By Daniel Stefanski |
Arizona’s most-recent Republican nominee for state attorney general is taking time away from his legal efforts over the previous election to praise the country’s former president for a major foreign policy success enacted under his administration.
Republican Abraham Hamadeh recently joined with Bryan Leib to co-author an op-ed in The Federalist entitled, “Three Years Later, Trump Deserves a Nobel Peace Prize for the Abraham Accords.” The piece has generated significant national attention – especially from those who are loyal to the former president and current candidate for the 2024 campaign, Donald J. Trump.
Hamadeh and his co-author first noted President Trump’s “bold decision to keep his campaign promise and move the United States Embassy from Tel Aviv to Jerusalem” – even when many naysayers doubted the rationale of this action. The writers pointed to those same doubters in the case of Trump’s announcement of the Abraham Accords framework, stating that “they were wrong once again.”
The Abraham Accords were issued in September 2020 by the United States, the State of Israel, and the United Arab Emirates. The agreement was forged with the belief “that the further development of friendly relations meets the interests of lasting peace in the Middle East and that challenges can only be effectively addressed by cooperation and not by conflict;” and with the determination “to ensure lasting peace, stability, security and prosperity for both their States and to develop and enhance their dynamic and innovative economies.”
The parties agreed to multiple points as part of these accords – primarily to the establishment of “peace, diplomatic relations and full normalization of bilateral ties” between the United Arab Emirates and the State of Israel. In one of the most challenging years for the world in modern history, the Abraham Accords infused sorely needed hope and optimism into the international community at that point in time.
According to the Abraham Accords Peace Institute, trade between Israel and the UAE increased significantly in the aftermath of the 2020 agreement, skyrocketing 82 percent from 2021 to 2022 ($3.37 billion).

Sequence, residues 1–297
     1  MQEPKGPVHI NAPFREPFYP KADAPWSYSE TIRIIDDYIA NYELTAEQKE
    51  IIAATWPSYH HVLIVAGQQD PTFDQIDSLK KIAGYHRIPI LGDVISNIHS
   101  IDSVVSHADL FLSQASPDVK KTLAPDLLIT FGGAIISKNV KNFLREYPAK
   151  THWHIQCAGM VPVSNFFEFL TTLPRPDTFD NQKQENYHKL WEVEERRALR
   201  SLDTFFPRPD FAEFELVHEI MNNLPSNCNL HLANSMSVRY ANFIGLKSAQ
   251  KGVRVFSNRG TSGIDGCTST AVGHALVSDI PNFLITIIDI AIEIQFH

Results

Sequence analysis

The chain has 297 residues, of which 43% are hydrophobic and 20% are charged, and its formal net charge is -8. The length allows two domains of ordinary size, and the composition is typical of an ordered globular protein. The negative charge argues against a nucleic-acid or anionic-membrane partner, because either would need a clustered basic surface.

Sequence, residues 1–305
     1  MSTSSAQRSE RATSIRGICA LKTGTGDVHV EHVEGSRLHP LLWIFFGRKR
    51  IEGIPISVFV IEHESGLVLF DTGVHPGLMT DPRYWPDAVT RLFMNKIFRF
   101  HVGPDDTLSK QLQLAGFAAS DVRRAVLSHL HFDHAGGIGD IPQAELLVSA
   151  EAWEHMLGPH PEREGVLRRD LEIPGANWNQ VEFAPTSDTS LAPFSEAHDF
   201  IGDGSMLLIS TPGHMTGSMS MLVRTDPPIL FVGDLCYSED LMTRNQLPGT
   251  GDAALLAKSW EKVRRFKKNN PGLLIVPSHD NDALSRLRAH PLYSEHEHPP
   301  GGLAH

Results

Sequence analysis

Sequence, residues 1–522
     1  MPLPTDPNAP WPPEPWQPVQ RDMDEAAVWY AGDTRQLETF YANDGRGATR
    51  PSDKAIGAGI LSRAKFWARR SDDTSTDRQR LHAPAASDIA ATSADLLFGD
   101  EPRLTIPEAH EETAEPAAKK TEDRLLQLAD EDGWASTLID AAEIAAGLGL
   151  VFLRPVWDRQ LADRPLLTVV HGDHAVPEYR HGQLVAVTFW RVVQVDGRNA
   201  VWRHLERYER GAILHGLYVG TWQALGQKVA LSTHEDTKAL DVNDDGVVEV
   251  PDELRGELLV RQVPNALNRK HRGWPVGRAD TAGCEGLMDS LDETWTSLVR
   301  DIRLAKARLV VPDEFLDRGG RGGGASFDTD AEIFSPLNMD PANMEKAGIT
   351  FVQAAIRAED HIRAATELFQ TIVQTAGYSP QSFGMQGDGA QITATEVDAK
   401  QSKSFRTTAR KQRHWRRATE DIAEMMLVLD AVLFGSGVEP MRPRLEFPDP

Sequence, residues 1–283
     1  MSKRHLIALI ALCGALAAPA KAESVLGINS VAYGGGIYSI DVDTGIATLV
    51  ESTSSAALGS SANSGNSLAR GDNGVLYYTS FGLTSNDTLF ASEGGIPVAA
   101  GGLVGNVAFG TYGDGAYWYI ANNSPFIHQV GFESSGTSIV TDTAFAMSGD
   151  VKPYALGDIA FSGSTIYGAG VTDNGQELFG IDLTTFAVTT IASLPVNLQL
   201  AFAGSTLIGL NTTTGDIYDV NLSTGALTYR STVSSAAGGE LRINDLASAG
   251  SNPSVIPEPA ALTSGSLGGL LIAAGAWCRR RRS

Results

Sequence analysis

The two authors discussed their credentials amid the piece to give readers confidence that they had sufficient knowledge of the situation on the ground in the Middle East. Hamadeh boasted of his service as a U.S. Army Reserve captain and intelligence officer in Saudi Arabia when the countries made history with the accords. Leib shared that he is a Jewish American who “has enjoyed relationships and friendships with Arabs in America and throughout the Middle East.”
Hamadeh and Leib bemoaned President Joe Biden’s missed chance to build on the Abraham Accords, writing, “The Biden administration took great pains not to acknowledge the Abraham Accords in the first year of his presidency, and that has created a chilling effect in the Middle East.” They both predicted that “the Kingdom of Saudi Arabia is most likely the next Arab-majority country to officially make a peace or normalization agreement with Israel.
They pumped the brakes on this potential accord coming to fruition during the Biden Administration, however, stating that “the leaders and people of Israel and Saudi Arabia may have to wait for Trump to get back into the White House to broker their peace agreement.”
The writers opined that if the American president overseeing the accords was Biden or someone else, “the Nobel Peace Prize Foundation would have already awarded its highest honor for the Abraham Accords,” warning that “its failure to reward these historic agreements and Trump with the honor only damages the credibility of the Nobel Foundation.” They argue that “peace shouldn’t be political, especially in a world where it’s hard to come by.”
Daniel Stefanski is a reporter for AZ Free News. You can send him news tips using this link.